American Politics: The Pursuit of Empire
American politics revolves around two ideas: First, it revolves around the idea that, as Thomas Paine and Ronald Reagan said, the world can be begun again. New modes and orders, “new world orders,” not only can be imagined but they can be implemented. Second, it revolves around the idea that power, centralized, pervasive power is the key to creating the new modes and orders it imagines. This power needs to be essentially bureaucratic, with technological and military powers playing huge roles in the necessary bureaucratic arrangements.
New modes and orders have been embraced by Americans from at least 1789 when a new constitution was implemented. The defense of that Constitution, made plain in the Federalist Papers, involved relying on “a new science of politics,” which included a new vocabulary such as “the presidency,” “checks and balances,” “the separation of powers,” a “Supreme Court,” a “federal district,” “judicial review,” “the freedom of speech,” and “states’ rights,” to name a few. Originally, the new modes and orders included racial slavery and “interactions” with indigenous peoples, the latter to be subsumed into the new empire to be created.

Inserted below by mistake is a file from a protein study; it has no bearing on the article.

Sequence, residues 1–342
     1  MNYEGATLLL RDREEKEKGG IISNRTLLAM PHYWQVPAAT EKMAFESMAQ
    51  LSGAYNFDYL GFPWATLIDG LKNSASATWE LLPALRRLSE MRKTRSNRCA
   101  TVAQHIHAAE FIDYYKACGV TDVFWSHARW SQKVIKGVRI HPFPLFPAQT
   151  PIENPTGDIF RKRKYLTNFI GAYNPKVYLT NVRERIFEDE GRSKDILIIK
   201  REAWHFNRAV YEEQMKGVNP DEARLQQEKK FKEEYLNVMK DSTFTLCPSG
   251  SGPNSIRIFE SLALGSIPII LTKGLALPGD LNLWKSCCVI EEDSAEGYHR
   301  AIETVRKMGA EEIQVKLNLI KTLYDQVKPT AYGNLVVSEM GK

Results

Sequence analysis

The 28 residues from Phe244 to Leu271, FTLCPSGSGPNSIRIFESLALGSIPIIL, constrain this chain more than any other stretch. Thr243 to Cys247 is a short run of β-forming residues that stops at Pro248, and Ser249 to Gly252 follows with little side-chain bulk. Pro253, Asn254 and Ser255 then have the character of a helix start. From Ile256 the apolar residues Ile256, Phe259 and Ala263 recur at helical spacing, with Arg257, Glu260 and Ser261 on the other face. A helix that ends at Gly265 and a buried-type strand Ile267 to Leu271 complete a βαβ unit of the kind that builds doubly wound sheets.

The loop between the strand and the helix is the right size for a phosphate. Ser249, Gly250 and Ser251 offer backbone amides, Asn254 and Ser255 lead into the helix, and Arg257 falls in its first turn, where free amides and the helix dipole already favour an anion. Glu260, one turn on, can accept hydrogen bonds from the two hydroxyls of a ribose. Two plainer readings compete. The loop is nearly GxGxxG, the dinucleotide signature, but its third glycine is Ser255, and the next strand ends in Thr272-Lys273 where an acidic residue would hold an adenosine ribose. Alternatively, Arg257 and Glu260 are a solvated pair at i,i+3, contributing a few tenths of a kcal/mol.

The new modes and orders were expansionary, eventually even to the point of that expansion was manifestly deemed the nation’s destiny. In fact, early on, it was commonly thought that the United States would encompass the entire Western Hemisphere, south as well as north, Canada as well as Mexico and beyond. The new science of politics underlying the new American Constitution fed American hubris, culminating in a desire for becoming a great empire. That desire, that passion is perhaps the strongest desire, the strongest passion characterizing American politics and the elites overseeing the regime. Rarely have American politicians challenged this desire, this passion for empire. In fact, I cannot think of one today who does. Not only Donald Trump, but the Democrats as well, want American greatness to be evidenced by its global military and economic predominance, labeled “full spectrum dominance,” these days. That dominance will include outer space as well. This is, easily, America’s most powerful “ideal.” Hence, respectable and respected people think that idealistically America should rule the world by means of centralized and pervasive technological and military power.